The word “priming” itself suggests fluid being carried via some channel or pipe, a fitting metaphor for semantic activation spreading from one node to another. Yet, in many ways, this metaphor serving to conceptualize semantic priming remains underdeveloped in that it gives no indication of what that “fluid” being primed is, its variations in pressure, or where it is being primed from. Once attention is introduced as an explanatory aid in an understanding of latent inhibition and semantic activation, the common ground shared by both models becomes highlighted and possible relationships can be drawn between them.

The Semantic Network: Consciousness Expansion as Spreading Activation

The semantic network model, in its varied forms, serves as a metaphorical framework by which all we know of the world can be represented as a net, or a branched hierarchy of interrelated semantic concepts, each shown as a node. These conceptual nodes are activated into associative strands during the formation of a thought, and this activation leads to the semantic priming of those associated nodes. Primed nodes are, then, recognized and accessed more readily in subsequent semantic tasks.

The administration of psilocybin, an agent known to affect the 5-HT system, induces a state of semantic hyper-priming in human subjects (Spitzer, 1996). This increased availability to typically-unavailable conceptual associations may help explain the reported subjective effects of “consciousness expansion” and “enhanced creativity” classically described by psilocybin users.

One conceptualization which may serve as an explanatory aid for the indirect priming effect of psilocybin on the semantic network is a fluent model of nodal branching. In other words, much like rivers which branch and divide, the spreading of activation can also be represented in terms of fluid flow through channels. In this view, psilocybin “floods” our semantic network, spreading outwards across “dry” conceptual branches, priming them with attention. Therein, the limits of expression of these expanded semantic associations may be defined by the limited capacity of an individual’s attention span.
States of hyper-sensitivity and hyper-priming can be seen resulting from both thought disordered (TD) schizophrenia and from psilocybin use. For this reason, theoretical models utilized in the investigation of perceptual or semantic processing abnormalities in schizotypy are also valuable tools to understand the influence of psychedelics, like psilocybin, on those same processes. The latent inhibition (LI) and semantic priming paradigms may be interrelated by the faculty of attention, thereby creating a framework for the cognitive processes underlying non-ordinary states of consciousness.


Carson, S. H., Peterson, J. B., & Higgins, D. M. (2003) Decreased latent inhibition is associated with increased creative achievement in high-functioning individuals. Journal of Personality and Social Psychology. 85, 499-506.

Eysenck, H.J. (1995). Creativity as a product of intelligence and personality. In D. Saklofske & M. Zeidner (Eds.), International Handbook of Personality and Intelligence: Perspectives on Individual Differences (pp. 231-247). New York: Plenum Press.

Lubow, R. E., & Moore, A. U. (1959). Latent inhibition: The effect of nonreinforced pre-exposure to the conditional stimulus. Journal of Comparative and Physiological Psychology. 52, 415-419.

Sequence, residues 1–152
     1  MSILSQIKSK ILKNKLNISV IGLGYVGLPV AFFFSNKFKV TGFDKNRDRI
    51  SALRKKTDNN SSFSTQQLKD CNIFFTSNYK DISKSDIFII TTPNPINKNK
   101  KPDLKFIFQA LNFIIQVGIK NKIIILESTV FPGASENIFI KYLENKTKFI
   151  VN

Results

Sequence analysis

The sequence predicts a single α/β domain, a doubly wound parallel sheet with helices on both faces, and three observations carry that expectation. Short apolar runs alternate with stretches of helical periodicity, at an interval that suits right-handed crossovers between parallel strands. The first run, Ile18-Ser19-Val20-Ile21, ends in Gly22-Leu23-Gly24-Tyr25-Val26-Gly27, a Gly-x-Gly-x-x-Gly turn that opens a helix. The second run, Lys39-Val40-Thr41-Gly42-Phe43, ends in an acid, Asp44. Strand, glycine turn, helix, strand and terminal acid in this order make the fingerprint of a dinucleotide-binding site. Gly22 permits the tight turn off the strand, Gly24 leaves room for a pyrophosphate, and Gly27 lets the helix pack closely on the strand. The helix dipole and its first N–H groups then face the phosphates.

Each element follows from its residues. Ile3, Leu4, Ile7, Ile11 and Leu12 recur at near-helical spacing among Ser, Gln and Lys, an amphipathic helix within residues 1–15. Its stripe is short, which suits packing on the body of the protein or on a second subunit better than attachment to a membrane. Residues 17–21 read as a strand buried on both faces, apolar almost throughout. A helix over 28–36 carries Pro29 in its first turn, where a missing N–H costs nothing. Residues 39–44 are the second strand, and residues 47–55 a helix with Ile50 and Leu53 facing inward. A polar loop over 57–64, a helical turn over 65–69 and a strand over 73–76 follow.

Lubow, R. E. (1989). Latent Inhibition and Conditioned Attention Theory. Cambridge, England: Cambridge University Press.

Lubow, R. E., & Gewirtz, J. C. (1995). Latent inhibition in humans: Data, theory, and implications for schizophrenia. Psychological Bulletin. 117, 87-103.

Schnur, P., & Ksir, C. (1969). Latent inhibition in human eyelid conditioning. Journal of Experimental Psychology. 80, 388-389.

Spitzer, M., Thimm, M., Hermle, L., Holzmann, P., Kovar, K., Heimann, H., Gouzoulis-Mayfrank, E., Kischa, U., Schneider, F. (1996). Increased activation of indirect semantic associations under psilocybin. Biological Psychiatry. 39, 1055-1057.

Wentura, D., Moritz, S., & Frings, C. (2008). Further evidence for “hyper-priming” in thought-disordered schizophrenic patients using repeated masked category priming. Schizophrenia Research. 102, 69-75.

Biography of presenter:

A graduate student from the Institute of Transpersonal Psychology, Kaleb Smith is currently a research associate at Stanford University’s Psychophysiology Laboratory, assisting in the empirical study of emotional regulation. Concurrently, Smith is conducting consciousness research at ITP’s Neurophenomenology Laboratory and William James Center For Consciousness Studies. The former of these research studies concerns measuring the electroencephalographic influence of photic and binaural brainwave entrainment techniques. The latter investigates the perceptual anomalies of hypnagogic and shamanic trance states, an area of specialized interest for which he has published and presented perspectives on.

Previous research work in mental rotation as an assistant at the Cognitive Psychology laboratory of Northern Michigan University led to an early interest in the information-processing model and the potential applications of semantic networking theory.

My previous work as a group counselor at the Pine Rest behavior health center afforded me daily therapeutic interaction and empathic rapport with the substance abuse and schizophrenic patient populations – a learning experience which changed my life and did much to inform my current understanding of hyper-sensitivity, latent inhibition (LI), substance abuse treatment, and the associative novelty seen in psychedelic cognition.